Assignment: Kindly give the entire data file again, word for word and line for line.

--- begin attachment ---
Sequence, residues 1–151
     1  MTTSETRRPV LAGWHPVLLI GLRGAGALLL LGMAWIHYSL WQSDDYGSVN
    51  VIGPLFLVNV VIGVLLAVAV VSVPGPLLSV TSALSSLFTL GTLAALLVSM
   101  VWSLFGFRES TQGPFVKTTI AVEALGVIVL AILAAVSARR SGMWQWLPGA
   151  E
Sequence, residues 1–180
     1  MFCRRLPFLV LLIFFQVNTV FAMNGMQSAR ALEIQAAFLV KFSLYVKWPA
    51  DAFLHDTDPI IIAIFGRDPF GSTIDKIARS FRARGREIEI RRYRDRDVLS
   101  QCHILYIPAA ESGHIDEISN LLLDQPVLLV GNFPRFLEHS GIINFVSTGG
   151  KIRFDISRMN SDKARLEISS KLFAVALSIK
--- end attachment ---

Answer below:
Sequence, residues 1–151
     1  MTTSETRRPV LAGWHPVLLI GLRGAGALLL LGMAWIHYSL WQSDDYGSVN
    51  VIGPLFLVNV VIGVLLAVAV VSVPGPLLSV TSALSSLFTL GTLAALLVSM
   101  VWSLFGFRES TQGPFVKTTI AVEALGVIVL AILAAVSARR SGMWQWLPGA
   151  E
Sequence, residues 1–180
     1  MFCRRLPFLV LLIFFQVNTV FAMNGMQSAR ALEIQAAFLV KFSLYVKWPA
    51  DAFLHDTDPI IIAIFGRDPF GSTIDKIARS FRARGREIEI RRYRDRDVLS
   101  QCHILYIPAA ESGHIDEISN LLLDQPVLLV GNFPRFLEHS GIINFVSTGG
   151  KIRFDISRMN SDKARLEISS KLFAVALSIK